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California water crisis on track to collide with fiscal dilemma?

California's water crisis may be on a collision course with the state's ongoing fiscal predicament.

If solutions to the water crisis can be hammered out, the state's continuing budget crisis and revenue shortfalls may jeopardize issuance of state bonds to pay for construction projects.

This is a new frustration for Northern California farmer Charlie Hoppin, who left his family farm to become the first farmer on the California State Water Resources Control Board three years ago. Last April he was appointed board chairman by Gov. Arnold Schwarzenegger.

“I am not sure California has the ability to bond itself to fix the Delta and other infrastructure improvement,” Hoppin told those at the Western Plant Health Association Regulatory Issues Conference in Sacramento.

Hoppin's son is managing the family's 3,200 acre farm in Sutter and Yolo counties while Hoppin is in Sacramento. The family farms rice, fresh market melons, walnuts, small grains, and oilseed crops.

As a farmer, Hoppin calls himself the “regulated” element of the board and as such admits to bringing a different perspective to the agency on water and environmental issues. “My idea of what is right and fair is sometimes different from what (others in the agency) think is right and fair. Fortunately, I am chairman of the board and they work for me. It is working out.”

As a lifelong farmer who meets daily challenges with decisions, Hoppin admits to growing frustration over the lack of movement on both the state and federal levels to solve the water crisis.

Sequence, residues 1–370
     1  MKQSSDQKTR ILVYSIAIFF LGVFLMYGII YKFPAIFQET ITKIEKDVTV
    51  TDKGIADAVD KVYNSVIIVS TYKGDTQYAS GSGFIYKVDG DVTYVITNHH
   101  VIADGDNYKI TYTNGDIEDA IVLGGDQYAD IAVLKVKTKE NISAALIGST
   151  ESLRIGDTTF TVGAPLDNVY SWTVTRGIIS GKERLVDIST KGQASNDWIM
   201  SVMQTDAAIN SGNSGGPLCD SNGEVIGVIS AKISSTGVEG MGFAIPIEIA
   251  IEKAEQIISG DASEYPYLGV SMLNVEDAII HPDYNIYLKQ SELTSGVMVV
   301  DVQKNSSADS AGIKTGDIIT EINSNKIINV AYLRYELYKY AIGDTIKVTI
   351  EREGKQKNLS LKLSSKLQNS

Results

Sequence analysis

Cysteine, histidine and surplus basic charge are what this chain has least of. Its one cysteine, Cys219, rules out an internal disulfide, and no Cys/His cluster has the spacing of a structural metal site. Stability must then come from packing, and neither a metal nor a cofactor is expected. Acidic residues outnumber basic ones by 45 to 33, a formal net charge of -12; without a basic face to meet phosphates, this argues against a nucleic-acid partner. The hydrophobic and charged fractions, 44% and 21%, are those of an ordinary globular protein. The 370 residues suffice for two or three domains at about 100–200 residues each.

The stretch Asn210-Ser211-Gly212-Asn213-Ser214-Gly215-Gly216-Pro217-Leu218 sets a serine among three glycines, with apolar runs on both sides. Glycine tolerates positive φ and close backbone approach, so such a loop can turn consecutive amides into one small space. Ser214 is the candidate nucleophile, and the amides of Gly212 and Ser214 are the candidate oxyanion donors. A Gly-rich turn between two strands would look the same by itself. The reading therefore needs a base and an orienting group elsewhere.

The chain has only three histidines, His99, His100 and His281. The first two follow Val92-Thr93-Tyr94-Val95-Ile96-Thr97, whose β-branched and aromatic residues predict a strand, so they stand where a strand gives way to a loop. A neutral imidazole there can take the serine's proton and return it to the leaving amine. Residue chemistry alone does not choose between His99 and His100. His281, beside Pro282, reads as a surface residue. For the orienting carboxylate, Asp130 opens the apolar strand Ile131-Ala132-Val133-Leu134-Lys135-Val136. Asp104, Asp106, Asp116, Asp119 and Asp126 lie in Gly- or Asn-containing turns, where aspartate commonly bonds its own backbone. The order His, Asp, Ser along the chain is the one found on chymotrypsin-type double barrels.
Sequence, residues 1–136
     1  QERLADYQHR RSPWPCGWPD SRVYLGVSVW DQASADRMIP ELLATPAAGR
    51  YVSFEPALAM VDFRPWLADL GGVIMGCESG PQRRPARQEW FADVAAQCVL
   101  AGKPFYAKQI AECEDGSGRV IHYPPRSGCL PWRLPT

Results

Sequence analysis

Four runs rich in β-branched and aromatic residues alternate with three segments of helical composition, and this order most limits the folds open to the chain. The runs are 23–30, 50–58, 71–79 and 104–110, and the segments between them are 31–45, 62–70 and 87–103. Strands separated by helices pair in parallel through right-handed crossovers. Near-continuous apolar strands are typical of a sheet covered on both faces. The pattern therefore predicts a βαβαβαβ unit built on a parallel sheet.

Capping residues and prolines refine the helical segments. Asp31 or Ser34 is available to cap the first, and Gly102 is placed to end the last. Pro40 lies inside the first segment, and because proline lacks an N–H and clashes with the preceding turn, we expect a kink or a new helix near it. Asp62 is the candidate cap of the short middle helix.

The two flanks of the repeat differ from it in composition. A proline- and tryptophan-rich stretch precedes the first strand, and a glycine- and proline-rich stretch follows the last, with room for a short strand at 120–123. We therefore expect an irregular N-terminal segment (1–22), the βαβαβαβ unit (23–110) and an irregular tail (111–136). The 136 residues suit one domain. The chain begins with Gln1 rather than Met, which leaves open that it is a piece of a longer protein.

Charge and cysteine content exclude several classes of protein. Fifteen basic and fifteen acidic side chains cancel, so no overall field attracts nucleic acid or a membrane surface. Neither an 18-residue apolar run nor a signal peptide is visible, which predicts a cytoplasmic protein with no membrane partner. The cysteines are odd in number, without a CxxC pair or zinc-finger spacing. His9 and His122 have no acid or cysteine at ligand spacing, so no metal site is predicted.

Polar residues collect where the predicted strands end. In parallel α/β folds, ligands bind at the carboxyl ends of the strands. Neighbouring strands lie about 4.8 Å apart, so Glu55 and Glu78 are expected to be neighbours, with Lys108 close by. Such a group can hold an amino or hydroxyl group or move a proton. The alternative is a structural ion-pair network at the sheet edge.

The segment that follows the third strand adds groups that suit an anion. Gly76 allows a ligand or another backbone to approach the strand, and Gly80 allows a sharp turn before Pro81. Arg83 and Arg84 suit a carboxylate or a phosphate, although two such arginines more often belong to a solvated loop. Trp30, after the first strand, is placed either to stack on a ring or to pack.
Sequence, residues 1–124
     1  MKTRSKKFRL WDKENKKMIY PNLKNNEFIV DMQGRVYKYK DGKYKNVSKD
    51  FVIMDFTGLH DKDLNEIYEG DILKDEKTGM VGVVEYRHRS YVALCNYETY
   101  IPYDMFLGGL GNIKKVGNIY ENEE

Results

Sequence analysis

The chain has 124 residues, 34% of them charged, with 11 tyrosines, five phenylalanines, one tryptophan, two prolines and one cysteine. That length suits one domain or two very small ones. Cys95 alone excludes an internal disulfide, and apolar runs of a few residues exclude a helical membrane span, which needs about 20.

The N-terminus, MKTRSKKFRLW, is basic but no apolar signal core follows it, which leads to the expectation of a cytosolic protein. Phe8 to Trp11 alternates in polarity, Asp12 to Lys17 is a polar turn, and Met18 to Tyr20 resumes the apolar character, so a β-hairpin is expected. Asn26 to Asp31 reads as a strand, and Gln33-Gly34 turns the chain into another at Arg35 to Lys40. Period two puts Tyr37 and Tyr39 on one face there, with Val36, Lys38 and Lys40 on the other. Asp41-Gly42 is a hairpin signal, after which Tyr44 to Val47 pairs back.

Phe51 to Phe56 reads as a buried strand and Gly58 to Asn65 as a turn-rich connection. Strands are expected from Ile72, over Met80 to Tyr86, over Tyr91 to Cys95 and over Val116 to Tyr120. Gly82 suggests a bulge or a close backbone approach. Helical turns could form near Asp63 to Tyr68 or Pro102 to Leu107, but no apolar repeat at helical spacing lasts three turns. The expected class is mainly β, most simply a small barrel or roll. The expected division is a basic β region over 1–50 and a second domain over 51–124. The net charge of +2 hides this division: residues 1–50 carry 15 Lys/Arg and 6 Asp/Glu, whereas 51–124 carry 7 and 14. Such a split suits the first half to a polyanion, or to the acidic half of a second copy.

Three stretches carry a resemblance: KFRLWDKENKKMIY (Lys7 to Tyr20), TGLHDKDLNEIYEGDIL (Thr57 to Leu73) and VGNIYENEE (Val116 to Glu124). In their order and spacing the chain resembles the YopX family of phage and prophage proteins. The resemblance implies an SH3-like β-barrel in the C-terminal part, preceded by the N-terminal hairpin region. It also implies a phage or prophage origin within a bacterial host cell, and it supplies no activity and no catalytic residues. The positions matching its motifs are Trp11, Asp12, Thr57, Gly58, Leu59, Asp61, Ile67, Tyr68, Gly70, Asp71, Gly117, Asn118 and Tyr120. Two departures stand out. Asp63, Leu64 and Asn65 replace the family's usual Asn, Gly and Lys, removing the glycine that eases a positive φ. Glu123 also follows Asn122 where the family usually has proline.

The Legislature continues to try to juggle a half dozen pieces of legislation in an attempt to come up with a solutions package to send to the governor to alleviate the state's water crisis.

As negations reached the 11th hour, Hoppin says he was not optimistic in late August that an acceptable package will be sent to the governor.

“It is pretty clear that the state senate and assembly will not pass a reasonable package the governor will sign. The governor is committed to infrastructure improvements and that includes new dams,” Hoppin said. Dams and surface storage are not likely to be part of the package.

Legislation to improve water movement through the Delta will no doubt be part of the package. However, Hoppin says what he has seen so far has not been “reasonable” including the appointment of a Delta water master.

As a farmer, Hoppin understands that a water master is in most cases “very valuable” to the day-to-day operations of a water system. However, some of the legislative proposals he has seen for a Delta water master give one man the power equal to the Dali Lama and God to control the Delta and usurp the power of the State Water Control Board.

The governor will not sign legislation giving anyone that kind of power, Hoppin said.

Hoppin believes the state's water crisis has become entangled in partisan state politics. He anticipates a bill to be passed by the state Legislature that the governor will not sign. However, legislators want that, believes Hoppin, so they can tell Californians they passed Delta fix legislation, but the lame duck governor would not sign it.

“It is becoming clear to me the Legislature is not going to pass reasonable legislation the governor will sign,” he surmised.

However, any Delta fix legislation gets legislators off the water crisis hook for now as they await the next governor, who they believe will be more responsive to how the Democratic controlled Legislature wants to solve the state water crisis than the current governor.

Improving Delta conveyance is a major short time fix, but if a package was approved today, it would be 10 to 12 years before any additional water could flow south of the Delta, according to Hoppin.